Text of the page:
We then examined the deacylation activities of SIRT2, SIRT5, and SIRT6 on the substrates AcBKA, CrBKA, SuBKA, and MyBKA (see the Experimental section). Preliminarily, these substrates were tested at the concentrations of 100 μM and 10 μM, reacted with sirtuins for 4 h at 37 °C, and then trypsin was added (2 U μL−1) to release the AMC fluorophore. The results revealed that SIRT2 could hydrolyse the acetyl and myristoyl moieties from AcBKA and MyBKA, respectively, at both 100 μM and 10 μM (Fig. 2a); obviously, SIRT2 had much stronger deacetylation activity than demyristoylation activity. No or very weak catalytic activity on CrBKA and SuBKA was observed for SIRT2 (Fig. 2a). In contrast, SIRT5 showed robust desuccinylation activity for SuBKA (Fig. 2b), but had no or very weak deacylation activities for AcBKA, CrBKA, and MyBKA (Fig. 2b); these findings reflected a highly selective desuccinylation activity of SIRT5. Note that for SIRT6, we only observed weak catalytic activities for AcBKA and MyBKA (Fig. 2c); this finding indicated that all these small-molecule substrates might not be suitable for high-throughput screening assays for SIRT6.


image file: c7ra05824a-f2.tif
Fig. 2 Deacylase activities of SIRT2, SIRT5, and SIRT6 on small-molecule substrates. (a, b, and c) Fluorescence values obtained by treating SIRT2, SIRT5, and SIRT6 with 100 μM and 10 μM substrates, respectively. (d–f) Michaelis–Menten kinetic curves of SIRT2 on AcBKA (300 μM–0.58 μM), SIRT2 on MyBKA (75 μM–0.58 μM), and SIRT5 on SuBKA (500 μM–0.98 μM).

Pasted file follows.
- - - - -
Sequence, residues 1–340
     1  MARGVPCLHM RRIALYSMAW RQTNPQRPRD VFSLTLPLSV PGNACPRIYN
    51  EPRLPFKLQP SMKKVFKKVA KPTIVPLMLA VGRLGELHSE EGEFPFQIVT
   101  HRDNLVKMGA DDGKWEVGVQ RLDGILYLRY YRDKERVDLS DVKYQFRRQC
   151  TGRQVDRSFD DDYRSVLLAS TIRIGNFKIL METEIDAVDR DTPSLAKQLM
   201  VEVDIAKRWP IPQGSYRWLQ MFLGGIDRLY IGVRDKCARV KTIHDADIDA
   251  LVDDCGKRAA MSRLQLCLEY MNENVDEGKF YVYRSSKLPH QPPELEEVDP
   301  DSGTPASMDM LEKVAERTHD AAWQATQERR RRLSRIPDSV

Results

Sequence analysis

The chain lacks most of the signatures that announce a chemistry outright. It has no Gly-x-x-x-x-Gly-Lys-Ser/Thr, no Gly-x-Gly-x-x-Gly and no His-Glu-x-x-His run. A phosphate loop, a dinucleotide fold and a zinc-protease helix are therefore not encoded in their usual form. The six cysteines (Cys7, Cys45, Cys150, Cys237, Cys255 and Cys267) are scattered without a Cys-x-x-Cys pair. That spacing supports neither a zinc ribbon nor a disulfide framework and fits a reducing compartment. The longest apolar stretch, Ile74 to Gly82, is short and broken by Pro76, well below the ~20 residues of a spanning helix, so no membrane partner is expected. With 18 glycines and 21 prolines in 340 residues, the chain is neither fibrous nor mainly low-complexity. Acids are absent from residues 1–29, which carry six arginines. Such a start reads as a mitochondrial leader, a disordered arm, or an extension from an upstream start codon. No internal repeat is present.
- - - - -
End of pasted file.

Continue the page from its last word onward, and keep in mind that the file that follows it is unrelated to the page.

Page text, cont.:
Then, enzyme kinetic studies were carried out for SIRT2 and SIRT5 with their sensitive small-molecule substrates. The kinetic constants were determined by measuring reaction rate velocities at varying substrate concentrations, and the data was fitted to the Michaelis–Menten equation to obtain KM and Vmax values (Table 1); the kcat values were calculated from the relationship kcat = Vmax/[Enzyme]. For SIRT2, we observed that the KM values for AcBKA and MyBKA were ∼273.5 μM (unsaturation curve, Fig. 2d) and 1.7 μM (Fig. 2e and Table 1), respectively, which were similar to those for Ac-ETDKAc (KM = 750 μM)26 and Ac-ETDKMy (KM = 1.8 μM)26 peptide substrates, respectively. The catalytic efficiencies (kcat/KM) for AcBKA and MyBKA were 3.5 × 101 M−1 s−1 and 3.2 × 101 M−1 s−1 (Table 1), respectively. The observed SIRT2 deacetylation activity for AcBKA is similar to that for the peptide substrate Ac-ETDKAc (kcat/KM = 8.1 × 101 M−1 s−1),26 but the demyristoylation activity for MyBKA (kcat/KM = 8.5 × 103 M−1 s−1)26 is apparently lower than that for Ac-ETDKMy (Table 1) probably due to low water solubility of MyBKA. In contrast, SIRT5 was shown to have excellent catalytic efficiency for its sensitive substrate SuBKA (KM = 13.3 μM, kcat/KM = 1.6 × 102 M−1 s−1) (Fig. 2f and Table 1), which is similar to that for the peptide substrate Ac-LGKSu (KM = 33 μM, kcat/KM = 9.2 × 102 M−1 s−1).27,28 In addition, we observed that sirtuin-catalysed deacylations for AcBKA and MyBKA are highly associated with the concentrations of NAD+ (Fig. S5); this further revealed the evidence for the NAD+-dependent catalysis nature of sirtuins.17,29 The enzyme kinetic results indicate that small-molecule substrates (along with precise acyl substituents) have similar sirtuin-isoform sensitivity as compared to peptide substrates.